The numbers show a picture of an American population whose attitudes are shifting in favor of the previous president's signature legislation, not against it.
This complicates the job of the Trump administration, as Trump made "repeal and replace" a mantra of his campaign.
He's already failed to quickly replace the ACA. But, for a president who routinely values ratings, current polling suggests Trump should change his tune on healthcare.
A staggering majority don't want Trump to let the ACA fail
Nearly 80% of total respondents said the president should do his best to help execute the current law as best as possible, rather than letting it fail.
Trump has suggested the value in letting "Obamacare explode," describing it as his "best" political option to the Washington Post.
Current polling suggests Trump is dead-wrong about this, as only 13% of respondents believe expediting failure of the law is the choice the president should make.
What's notable about the data is that, while still a clear majority, only 61 % of people want to see the ACA remain in place.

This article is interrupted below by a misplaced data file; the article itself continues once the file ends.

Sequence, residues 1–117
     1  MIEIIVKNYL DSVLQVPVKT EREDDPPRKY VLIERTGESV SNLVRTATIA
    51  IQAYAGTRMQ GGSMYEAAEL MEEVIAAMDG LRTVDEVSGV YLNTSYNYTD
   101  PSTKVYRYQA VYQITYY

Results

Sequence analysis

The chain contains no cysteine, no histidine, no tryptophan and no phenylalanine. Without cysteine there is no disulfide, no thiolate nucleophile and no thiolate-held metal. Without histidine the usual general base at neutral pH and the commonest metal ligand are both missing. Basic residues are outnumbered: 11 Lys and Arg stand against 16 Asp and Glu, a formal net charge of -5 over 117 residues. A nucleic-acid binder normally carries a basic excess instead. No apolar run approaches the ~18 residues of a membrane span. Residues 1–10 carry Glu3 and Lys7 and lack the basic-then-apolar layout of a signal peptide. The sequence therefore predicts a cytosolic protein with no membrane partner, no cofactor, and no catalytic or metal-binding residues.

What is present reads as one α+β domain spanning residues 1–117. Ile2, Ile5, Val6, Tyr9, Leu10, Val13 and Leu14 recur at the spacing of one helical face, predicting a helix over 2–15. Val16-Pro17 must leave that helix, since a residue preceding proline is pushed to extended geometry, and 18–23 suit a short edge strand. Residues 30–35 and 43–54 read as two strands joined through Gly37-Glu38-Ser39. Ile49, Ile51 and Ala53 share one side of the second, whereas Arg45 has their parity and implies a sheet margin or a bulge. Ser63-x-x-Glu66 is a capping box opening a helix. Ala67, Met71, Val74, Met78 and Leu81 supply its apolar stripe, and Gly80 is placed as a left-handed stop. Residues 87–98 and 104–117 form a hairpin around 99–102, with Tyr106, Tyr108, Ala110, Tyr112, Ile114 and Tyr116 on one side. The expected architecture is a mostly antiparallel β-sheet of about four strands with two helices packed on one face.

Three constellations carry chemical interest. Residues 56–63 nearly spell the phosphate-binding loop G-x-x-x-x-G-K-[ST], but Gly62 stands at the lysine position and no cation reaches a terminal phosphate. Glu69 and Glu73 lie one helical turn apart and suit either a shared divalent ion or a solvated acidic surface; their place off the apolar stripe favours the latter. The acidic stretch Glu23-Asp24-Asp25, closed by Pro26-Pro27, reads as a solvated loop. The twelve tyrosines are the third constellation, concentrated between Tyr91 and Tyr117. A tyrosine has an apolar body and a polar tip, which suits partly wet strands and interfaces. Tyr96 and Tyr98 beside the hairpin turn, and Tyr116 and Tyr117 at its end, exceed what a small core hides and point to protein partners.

This suggests a large number of respondents who don't support the ACA as a permanent healthcare solution still aren't rooting for its failure.
Clinton's voters are the ACA's biggest supporters, Trump's hate it more than conservatives
A whopping 93% of Hillary Clinton's voters want to see the law fixed, five points higher than the 88 percent of Democrats who do. Only 6% of Clinton's supporters are in favor of a repeal.
The largest segment of respondents who do want to see the ACA repealed and replaced are Trump voters. 80% of them approve of the replace strategy, while 76% of Republicans do.
Only 56% of conservatives support repealing and replacing it. This is fascinating because it shows a 20% difference between conservatives and Republicans, groups that are often short-handed as synonymous.
The 41% of conservatives who support fixing the law are in line with the country's overall opinion and the vast majority of Democrats and Clinton voters.
These numbers put Trump in the uncomfortable position of having to decide between abandoning his base on the issue or angering the majority of the country, including a lot of conservatives.
Given the 15 point increase in support for the ACA since January, Trump's job will only get tougher if overall public opinion continues to swing in favor of Obama's healthcare plan.